Date of Graduation
Davis College of Agriculture, Natural Resources and Design
Wildlife and Fisheries Resources
Petra Bohall Wood.
Four thrush species breed sympatrically in the Allegheny Mountain region of West Virginia, U.S.A.: American Robin (Turdus migratorius), Hermit Thrush (Catharus guttatus), Veery (Catharus fuscescens), and Wood Thrush (Hylocichla mustelina). How nesting habitat is partitioned among the species is unclear, as is the effect of logging activities on the guild. My objectives were to identify nesting habitat characteristics that are partitioned among the species and to determine their effects on nest survival.;I conducted point count surveys and monitored nests of four thrush species on a managed forest. I measured habitat variables at three scales: (1) nest substrate, (2) nest site, and (3) territory. I also measured nest site variables at paired, random plots. Using GIS software, I then digitized land cover into five forest land covers based on harvesting practices.;Habitat partitioning among the four thrush species occurred at all three scales sampled, and the most important partitioning variables included nest height, distance to edge, sapling density, and elevation. Wood Thrushes occurred more often than would be expected in deciduous partial harvests, increased in occurrence as the percent of partial harvests increased on the landscape, and had higher nest survival in partially harvested stands than they did in mature forest. In contrast, the other three species selected against deciduous partial harvests and had lower nest survival within them than they did in mature forest. Hermit Thrushes selected for mature mixed forest and selected against mature deciduous forest, even-aged harvests, and harvested edges. American Robins, Veeries and Wood Thrushes did not avoid the edges of even-aged harvests, and nested within harvested stands beginning at four years post-harvest.;For the American Robin, Veery, and Wood Thrush, nest survival was highest in even-aged harvests; and for all but the Wood Thrush, it was lowest in partial harvests and intermediate in mature forest. Most of the variables I measured were unrelated to survival; thus, the guild appears to be partitioning the available habitat successfully and to be tolerant of forest disturbance at its current intensity.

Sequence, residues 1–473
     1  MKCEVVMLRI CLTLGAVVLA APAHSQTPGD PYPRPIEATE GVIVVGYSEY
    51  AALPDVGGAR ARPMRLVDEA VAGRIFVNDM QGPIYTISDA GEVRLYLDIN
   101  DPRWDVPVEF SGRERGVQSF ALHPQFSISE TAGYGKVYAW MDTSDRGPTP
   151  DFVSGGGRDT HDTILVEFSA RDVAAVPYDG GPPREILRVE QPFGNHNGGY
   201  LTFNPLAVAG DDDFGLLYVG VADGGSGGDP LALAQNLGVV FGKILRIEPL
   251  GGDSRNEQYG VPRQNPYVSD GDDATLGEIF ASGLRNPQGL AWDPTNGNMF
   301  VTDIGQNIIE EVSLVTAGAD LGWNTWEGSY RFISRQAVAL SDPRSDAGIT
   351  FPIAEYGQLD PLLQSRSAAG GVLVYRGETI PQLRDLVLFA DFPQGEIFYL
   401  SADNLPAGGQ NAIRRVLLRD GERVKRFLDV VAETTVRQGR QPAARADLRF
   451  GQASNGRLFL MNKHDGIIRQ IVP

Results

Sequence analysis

Dellinger, Rachel, "Nesting success and nest site characteristics of four thrush species on a managed forest" (2005). Graduate Theses, Dissertations, and Problem Reports. 2259.